What gets to me is the overarching sense of ‘giving up’ that the nightly recipe and bags represent.  When viewed objectively, the service is clearing two pretty modest obstacles in my path. One is having to go to the shops, whether I plan it out on the weekend or wing it after work. The other, more diffuse, is a kind of decision paralysis. Work is tiring and stressful, and deciding what to cook might involve some form of mental energy, lateral thinking about what you need and where, and a yum opportunity cost foregone.

I can just about excuse my own slackjawed and passive cultural consumption, the bored “that’s good enough” use of music and television streaming services. But I’m in a privileged position where I have some agency in what I’m going to make myself for literal dinner and how, and I hold a residual sense that this process remains intrinsically special.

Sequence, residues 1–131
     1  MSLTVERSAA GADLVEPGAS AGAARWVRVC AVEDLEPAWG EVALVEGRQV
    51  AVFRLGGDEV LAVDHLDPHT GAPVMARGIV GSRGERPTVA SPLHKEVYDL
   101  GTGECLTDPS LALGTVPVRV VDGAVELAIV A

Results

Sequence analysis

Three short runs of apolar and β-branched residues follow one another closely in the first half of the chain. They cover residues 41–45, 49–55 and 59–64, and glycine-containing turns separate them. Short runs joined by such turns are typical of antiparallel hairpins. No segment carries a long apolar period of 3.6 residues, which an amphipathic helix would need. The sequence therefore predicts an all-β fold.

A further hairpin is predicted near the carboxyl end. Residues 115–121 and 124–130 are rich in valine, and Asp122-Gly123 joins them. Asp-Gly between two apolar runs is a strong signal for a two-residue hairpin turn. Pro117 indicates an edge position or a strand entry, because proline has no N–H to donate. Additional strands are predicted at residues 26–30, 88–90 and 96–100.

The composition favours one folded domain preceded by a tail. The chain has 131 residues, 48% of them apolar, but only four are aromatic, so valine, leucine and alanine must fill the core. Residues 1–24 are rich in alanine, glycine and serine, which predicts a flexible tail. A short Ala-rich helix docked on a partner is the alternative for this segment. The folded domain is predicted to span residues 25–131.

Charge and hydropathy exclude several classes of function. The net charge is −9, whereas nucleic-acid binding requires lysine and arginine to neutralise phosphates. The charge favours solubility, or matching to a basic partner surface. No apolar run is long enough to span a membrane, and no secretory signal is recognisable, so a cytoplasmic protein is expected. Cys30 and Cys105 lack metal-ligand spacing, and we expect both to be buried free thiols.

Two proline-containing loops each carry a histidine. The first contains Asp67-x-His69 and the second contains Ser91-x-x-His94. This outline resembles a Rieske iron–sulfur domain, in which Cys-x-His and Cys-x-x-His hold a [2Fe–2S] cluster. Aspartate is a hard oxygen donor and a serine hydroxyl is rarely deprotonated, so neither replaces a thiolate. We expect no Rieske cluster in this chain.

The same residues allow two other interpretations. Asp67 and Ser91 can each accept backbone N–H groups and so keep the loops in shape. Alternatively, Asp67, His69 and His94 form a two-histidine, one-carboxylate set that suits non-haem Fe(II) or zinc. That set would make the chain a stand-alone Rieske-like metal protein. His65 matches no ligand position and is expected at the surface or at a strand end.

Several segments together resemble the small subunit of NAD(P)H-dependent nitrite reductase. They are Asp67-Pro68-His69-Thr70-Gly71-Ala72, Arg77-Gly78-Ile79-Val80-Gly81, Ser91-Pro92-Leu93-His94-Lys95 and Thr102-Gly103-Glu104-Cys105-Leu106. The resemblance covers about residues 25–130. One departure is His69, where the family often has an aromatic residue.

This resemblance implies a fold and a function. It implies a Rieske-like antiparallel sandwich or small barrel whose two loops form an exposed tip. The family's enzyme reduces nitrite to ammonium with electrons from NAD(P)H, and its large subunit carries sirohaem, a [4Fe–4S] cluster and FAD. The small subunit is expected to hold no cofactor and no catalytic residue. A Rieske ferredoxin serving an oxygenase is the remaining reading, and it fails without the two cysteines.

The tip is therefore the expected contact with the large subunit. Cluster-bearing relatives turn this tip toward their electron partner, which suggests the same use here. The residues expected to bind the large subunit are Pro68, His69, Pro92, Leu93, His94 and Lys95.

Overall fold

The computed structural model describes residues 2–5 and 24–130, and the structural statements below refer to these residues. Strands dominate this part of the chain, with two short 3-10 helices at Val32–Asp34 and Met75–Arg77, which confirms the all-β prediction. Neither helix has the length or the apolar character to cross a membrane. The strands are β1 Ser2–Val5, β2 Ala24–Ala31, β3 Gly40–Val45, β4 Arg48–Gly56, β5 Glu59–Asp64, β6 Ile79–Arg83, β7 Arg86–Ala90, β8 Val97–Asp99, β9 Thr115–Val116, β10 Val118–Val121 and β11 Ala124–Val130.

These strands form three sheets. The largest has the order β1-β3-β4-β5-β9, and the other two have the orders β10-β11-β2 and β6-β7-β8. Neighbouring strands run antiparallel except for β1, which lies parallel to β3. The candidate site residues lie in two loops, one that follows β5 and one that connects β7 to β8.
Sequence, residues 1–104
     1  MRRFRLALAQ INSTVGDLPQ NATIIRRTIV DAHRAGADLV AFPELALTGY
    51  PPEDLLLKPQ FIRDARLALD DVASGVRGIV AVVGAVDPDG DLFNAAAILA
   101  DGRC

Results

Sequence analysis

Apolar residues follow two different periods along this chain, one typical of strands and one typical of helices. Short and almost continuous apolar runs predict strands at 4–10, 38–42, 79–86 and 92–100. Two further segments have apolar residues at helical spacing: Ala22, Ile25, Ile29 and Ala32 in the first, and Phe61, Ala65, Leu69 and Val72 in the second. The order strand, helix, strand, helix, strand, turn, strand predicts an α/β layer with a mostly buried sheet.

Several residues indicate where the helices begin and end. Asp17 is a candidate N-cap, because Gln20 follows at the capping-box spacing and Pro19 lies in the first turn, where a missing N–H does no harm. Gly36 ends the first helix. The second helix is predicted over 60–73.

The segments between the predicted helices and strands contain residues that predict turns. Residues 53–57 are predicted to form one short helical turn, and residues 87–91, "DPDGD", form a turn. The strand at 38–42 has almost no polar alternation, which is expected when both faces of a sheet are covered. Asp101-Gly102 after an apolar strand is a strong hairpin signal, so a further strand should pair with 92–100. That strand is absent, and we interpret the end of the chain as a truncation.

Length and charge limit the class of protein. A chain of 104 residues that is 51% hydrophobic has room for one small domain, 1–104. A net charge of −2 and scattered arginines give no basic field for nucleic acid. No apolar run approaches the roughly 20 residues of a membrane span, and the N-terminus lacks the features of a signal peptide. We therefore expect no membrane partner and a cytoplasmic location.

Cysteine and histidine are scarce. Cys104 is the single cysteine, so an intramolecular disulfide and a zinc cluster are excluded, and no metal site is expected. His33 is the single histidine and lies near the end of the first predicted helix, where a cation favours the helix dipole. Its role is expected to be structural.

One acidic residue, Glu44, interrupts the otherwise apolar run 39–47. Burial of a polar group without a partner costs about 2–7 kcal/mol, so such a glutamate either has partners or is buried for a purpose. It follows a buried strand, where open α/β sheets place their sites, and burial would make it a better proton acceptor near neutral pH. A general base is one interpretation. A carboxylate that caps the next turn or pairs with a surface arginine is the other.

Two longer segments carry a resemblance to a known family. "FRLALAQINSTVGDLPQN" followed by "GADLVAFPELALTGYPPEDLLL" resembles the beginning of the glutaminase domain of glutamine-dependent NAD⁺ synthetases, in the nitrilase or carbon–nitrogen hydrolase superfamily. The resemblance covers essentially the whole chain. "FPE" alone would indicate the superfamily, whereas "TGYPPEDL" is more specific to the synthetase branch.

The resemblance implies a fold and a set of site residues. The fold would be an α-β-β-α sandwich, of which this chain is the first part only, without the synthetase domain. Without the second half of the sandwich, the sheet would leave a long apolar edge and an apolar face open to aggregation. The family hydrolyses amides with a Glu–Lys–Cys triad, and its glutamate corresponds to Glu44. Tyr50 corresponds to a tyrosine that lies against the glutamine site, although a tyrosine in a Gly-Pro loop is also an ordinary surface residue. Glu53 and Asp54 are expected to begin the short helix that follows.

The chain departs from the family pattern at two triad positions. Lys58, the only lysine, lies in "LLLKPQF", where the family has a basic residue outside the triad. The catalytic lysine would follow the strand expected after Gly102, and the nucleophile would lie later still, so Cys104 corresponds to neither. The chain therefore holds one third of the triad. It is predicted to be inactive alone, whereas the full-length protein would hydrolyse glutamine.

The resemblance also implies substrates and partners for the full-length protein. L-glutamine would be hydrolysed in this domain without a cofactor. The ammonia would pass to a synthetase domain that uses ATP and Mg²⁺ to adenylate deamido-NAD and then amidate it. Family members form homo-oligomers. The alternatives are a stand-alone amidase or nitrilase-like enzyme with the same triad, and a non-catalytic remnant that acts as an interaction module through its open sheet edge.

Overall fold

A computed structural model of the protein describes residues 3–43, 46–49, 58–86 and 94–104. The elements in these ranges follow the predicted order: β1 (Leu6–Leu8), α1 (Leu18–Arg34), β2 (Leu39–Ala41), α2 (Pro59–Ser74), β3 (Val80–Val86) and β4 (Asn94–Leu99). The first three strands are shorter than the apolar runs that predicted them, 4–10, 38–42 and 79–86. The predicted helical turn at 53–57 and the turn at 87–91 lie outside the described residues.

For the meal kit’s consumer base, exercising that agency – deciding what you’ll make, thinking ahead just enough to get to the shops on the way home - is not particularly hard. Arguing otherwise buys into the 21st century cult/martyrdom of busy-ness, and I’d submit that for straight men especially, it rewards a gendered “can’t someone else make the decision?” malaise when it comes to domestic tasks. Like our identical Mac DeMarco-soundalike playlists (“based on your tastes”), the bags are our illusion of taking charge, even if that involves abdicating the cognitive work of exerting control on your environment, treating active choice as a mere inconvenience.